Sarajevo’s old town is a place where it seems like time has stood still. The cobbled roads, the cute wooden shops and the fact that you can get anything made out of copper make this area the historic place that it is. But on the other side of all that, Sarajevo is an excellent place to go out at night. Meeting locals or having coffee by moon light included.
What do you mean going to a club? I know that the city is known for its endless nightlife but what if you don’t enjoy that? I don’t consider trying to yell louder than the music fun anymore (God, I’m old!) and if I have to go to a club, you gotta get me drunk first! (I mean drunk drunk.) So if you were expecting a guide to Sarajevo’s finest pubs and clubs, I’m sorry – it won’t happen today. However, if you’re willing to have an evening that’s much more relaxed, keep on reading.
Sarajevo’s nightlife is – in my humble opinion – at its best when you can sit outside with a cool drink and a guy fixing your water pipe while you are people watching. And smoking a shisha is like a national sport in Sarajavo. The whole old town is packed with cute little cafés, serving many, many flavors. When you search well, you’ll have your favorite spot for the week in no time.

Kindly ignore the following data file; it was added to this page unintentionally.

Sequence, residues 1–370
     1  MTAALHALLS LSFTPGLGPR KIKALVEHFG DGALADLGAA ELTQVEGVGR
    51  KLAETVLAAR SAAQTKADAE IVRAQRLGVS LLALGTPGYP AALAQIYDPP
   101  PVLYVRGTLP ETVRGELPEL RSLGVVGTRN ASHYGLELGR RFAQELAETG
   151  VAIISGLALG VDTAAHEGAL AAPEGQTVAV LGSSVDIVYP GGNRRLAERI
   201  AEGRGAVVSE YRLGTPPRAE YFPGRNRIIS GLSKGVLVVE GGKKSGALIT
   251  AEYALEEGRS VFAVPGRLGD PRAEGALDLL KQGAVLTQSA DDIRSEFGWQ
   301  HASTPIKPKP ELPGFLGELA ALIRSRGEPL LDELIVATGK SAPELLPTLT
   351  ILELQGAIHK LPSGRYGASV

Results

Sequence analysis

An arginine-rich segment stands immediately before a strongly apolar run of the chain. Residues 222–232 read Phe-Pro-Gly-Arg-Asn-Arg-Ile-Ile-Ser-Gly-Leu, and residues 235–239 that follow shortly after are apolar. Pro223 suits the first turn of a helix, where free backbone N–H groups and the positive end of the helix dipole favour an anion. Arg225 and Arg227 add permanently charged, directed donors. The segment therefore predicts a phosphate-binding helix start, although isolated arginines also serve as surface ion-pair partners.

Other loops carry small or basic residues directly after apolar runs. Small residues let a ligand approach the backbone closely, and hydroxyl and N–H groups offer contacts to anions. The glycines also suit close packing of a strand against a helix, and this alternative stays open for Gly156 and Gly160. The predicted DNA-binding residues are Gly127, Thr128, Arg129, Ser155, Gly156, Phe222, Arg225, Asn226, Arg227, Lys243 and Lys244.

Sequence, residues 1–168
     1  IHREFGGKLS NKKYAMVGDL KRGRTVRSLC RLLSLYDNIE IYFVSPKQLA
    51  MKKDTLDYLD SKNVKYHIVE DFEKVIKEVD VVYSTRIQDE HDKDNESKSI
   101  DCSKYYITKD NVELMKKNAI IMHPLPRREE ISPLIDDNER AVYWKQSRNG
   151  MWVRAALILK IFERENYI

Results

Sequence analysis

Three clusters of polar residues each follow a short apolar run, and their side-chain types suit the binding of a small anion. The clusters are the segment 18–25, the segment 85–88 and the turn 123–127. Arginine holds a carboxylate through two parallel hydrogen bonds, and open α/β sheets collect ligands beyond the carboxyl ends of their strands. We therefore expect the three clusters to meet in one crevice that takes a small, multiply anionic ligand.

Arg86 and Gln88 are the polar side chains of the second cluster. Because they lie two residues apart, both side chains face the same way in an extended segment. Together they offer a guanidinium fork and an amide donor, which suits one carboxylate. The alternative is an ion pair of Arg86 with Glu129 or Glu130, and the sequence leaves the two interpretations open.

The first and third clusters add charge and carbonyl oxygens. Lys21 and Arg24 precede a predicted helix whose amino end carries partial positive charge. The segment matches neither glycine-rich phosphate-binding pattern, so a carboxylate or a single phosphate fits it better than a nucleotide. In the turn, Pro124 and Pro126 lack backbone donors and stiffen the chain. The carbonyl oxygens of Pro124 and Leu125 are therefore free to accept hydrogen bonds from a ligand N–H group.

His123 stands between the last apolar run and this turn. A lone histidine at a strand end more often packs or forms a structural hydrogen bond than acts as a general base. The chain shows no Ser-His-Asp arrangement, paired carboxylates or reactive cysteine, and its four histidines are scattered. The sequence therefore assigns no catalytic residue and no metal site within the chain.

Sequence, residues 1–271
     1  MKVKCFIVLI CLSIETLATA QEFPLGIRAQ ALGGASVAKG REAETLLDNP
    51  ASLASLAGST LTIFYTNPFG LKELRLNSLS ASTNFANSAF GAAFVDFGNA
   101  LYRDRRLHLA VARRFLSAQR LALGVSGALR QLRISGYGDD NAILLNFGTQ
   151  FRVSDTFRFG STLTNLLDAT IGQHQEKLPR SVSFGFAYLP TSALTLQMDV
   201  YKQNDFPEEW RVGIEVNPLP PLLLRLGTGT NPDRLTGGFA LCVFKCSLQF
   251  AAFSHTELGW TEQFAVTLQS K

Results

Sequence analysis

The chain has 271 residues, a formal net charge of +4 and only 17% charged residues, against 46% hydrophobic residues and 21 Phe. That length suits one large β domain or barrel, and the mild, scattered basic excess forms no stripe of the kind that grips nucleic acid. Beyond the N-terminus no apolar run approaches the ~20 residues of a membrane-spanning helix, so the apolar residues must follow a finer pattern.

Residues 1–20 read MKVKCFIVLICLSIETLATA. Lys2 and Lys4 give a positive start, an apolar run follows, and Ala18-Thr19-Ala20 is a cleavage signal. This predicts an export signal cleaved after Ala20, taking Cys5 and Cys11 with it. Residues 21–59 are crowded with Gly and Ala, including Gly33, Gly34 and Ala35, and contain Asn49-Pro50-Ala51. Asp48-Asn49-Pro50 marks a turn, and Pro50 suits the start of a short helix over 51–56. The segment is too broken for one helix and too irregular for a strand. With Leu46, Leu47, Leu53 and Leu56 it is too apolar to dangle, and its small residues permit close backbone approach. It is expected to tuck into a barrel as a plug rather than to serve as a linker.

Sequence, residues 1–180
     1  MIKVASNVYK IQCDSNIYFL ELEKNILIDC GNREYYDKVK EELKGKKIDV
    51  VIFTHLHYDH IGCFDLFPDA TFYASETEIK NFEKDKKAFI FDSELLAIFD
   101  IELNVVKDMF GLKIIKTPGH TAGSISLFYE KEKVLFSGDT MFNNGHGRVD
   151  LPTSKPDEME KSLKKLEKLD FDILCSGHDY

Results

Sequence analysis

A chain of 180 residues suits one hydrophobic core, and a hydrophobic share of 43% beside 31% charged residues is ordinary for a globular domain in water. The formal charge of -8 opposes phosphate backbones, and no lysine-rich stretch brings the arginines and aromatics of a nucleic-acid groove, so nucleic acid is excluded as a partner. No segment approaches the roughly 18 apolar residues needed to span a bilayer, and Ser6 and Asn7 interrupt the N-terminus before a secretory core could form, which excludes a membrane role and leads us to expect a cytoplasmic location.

Even if you don’t enjoy smoking there are tons of ways to have fun. Many shops are open until late and shops and cafés are mixed on every street. While enjoying your drink you can watch salesmen do their job, people shopping or having conversation. The whole local (and touristic) life of Sarajevo walks by and all you have to do is watch. Get a local to teach you how to properly drink Bosnian coffee and you’re set!
And locals you will find! I remember arriving from the nightly bus service from Montenegro – a 12 hour ride through Bosnian, jungle-like roads (it was dark), leaving us both totally wrecked. At 5 am there was only one coffee place open on the Baščaršija and as we sat down we we’re welcomed by two lovely, elderly men treating us to Bosnian coffee. As I thanked them, one stood up, spread his arms wide and yelled out ‘Bosnia!’ (imagine just two teeth glistening in his open mouth). It was a warm welcome and as time went by, many of those followed.
When you spend time in this part of Sarajevo long enough you’ll end up with a series of both interesting and endearing encounters and part of achieving that was by wandering through the busy streets of Old Town. Whether it was eating delicious Burek or drinking with some locals, Old Town’s ‘nightlife’ gave me that relaxed feeling of being on an endless vacation to far, far away.
What are your tips regarding Sarajevo’s nightlife? Tell me down below!